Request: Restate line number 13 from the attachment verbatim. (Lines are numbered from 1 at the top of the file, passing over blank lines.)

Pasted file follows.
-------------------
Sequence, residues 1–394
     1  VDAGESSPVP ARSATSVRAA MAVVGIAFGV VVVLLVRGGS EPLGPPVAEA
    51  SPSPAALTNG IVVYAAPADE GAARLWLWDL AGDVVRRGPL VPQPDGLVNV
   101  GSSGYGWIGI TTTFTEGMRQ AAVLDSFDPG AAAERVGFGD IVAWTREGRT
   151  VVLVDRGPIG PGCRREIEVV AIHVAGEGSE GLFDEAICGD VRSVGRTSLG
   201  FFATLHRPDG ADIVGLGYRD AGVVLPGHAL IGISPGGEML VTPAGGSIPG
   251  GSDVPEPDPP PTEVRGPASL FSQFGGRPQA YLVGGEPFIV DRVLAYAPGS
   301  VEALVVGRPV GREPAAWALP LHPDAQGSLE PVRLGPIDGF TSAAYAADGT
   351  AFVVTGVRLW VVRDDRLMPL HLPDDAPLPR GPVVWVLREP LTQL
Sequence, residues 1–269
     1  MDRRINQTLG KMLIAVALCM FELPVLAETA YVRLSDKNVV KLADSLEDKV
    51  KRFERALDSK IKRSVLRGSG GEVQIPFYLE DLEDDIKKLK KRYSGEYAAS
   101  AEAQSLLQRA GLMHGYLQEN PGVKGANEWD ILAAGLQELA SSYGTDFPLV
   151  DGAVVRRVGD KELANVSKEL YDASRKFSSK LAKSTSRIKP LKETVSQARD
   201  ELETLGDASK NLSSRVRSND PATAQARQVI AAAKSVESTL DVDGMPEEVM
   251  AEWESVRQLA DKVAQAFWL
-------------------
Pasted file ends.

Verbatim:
   101  AEAQSLLQRA GLMHGYLQEN PGVKGANEWD ILAAGLQELA SSYGTDFPLV